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​Airmen with the Hawk Aircraft Maintenance Unit walk in a Block 20 RQ-4 Global Hawk carrying a Battlefield Airborne Communications Node payload after it landed from a 30.5 hour flight at an undisclosed location in Southwest Asia in March 2015. Air Force photo by TSgt. Marie Brown.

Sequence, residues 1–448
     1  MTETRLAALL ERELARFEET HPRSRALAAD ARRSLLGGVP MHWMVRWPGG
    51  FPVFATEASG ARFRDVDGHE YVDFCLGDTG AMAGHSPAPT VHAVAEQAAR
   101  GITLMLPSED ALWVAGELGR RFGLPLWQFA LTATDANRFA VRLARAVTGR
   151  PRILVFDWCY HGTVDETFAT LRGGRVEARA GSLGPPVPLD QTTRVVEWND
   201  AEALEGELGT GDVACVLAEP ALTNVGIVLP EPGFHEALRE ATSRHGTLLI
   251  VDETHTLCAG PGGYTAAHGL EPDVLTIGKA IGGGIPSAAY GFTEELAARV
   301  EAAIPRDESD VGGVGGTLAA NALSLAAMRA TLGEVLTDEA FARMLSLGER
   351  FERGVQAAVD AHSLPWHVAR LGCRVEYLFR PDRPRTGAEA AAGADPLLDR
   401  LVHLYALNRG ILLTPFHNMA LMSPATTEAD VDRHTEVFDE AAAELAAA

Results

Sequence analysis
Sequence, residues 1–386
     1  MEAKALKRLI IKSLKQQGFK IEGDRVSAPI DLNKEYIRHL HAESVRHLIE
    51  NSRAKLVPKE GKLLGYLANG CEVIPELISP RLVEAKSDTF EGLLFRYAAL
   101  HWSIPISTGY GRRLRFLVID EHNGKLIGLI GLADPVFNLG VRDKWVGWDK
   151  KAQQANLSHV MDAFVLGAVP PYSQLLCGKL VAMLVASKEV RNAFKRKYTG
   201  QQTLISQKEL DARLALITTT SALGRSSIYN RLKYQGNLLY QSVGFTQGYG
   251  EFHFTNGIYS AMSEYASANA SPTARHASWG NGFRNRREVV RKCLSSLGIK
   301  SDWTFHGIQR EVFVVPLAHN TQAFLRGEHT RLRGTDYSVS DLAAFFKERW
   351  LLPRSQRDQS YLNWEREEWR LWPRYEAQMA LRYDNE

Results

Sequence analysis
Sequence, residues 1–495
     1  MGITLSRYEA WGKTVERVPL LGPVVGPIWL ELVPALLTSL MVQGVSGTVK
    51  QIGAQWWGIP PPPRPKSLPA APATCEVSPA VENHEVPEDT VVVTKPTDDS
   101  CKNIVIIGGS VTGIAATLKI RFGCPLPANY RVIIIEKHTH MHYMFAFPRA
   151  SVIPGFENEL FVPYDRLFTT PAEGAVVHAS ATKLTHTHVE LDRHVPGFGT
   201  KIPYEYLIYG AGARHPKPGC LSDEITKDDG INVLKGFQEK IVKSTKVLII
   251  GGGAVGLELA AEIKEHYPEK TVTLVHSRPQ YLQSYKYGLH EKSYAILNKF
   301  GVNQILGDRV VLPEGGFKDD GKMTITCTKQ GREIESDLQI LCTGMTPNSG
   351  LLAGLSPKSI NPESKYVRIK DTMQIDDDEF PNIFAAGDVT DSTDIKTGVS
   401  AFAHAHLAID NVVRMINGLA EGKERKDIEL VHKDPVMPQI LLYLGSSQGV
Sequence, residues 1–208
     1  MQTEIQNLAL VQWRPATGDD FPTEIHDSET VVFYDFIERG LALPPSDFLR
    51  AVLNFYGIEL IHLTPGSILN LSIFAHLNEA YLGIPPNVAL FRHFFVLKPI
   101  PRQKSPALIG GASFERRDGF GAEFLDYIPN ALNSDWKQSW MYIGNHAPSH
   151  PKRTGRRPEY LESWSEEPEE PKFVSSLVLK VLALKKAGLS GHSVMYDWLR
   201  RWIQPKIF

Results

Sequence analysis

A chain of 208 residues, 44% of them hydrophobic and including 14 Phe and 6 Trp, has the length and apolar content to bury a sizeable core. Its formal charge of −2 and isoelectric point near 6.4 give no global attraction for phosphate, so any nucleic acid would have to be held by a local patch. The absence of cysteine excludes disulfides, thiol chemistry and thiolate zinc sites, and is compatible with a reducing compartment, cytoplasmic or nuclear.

​The Battlefield Airborne Communications Node, known as BACN, reached 100,000 combat flight hours on Jan. 30, according to a release. The program, which was designed to improve interoperability among air, space, and surface systems, forwards and translates voice and data across disparate networks to keep warfighters connected. BACN began operating in theater in 2008. “This capability has revolutionized the way we think about communications, providing strategic agility to DOD and coalition partners through increased interoperability and range extension for ground, air, and space forces,” said Maj. Gen. Craig Olson, the command, control, communications, intelligence and networks program executive officer. “BACN has become a true force multiplier, and it is laying the foundation for the future of aerial layer networking,” Olson added. BACN operates on two airborne platforms: The E-11A and the Global Hawk Block 20. The Air Force in December awarded Northrop Grumman Corp. a $120 million contract extension to extend the EQ-4B and E-11A BACN platforms through June 2016.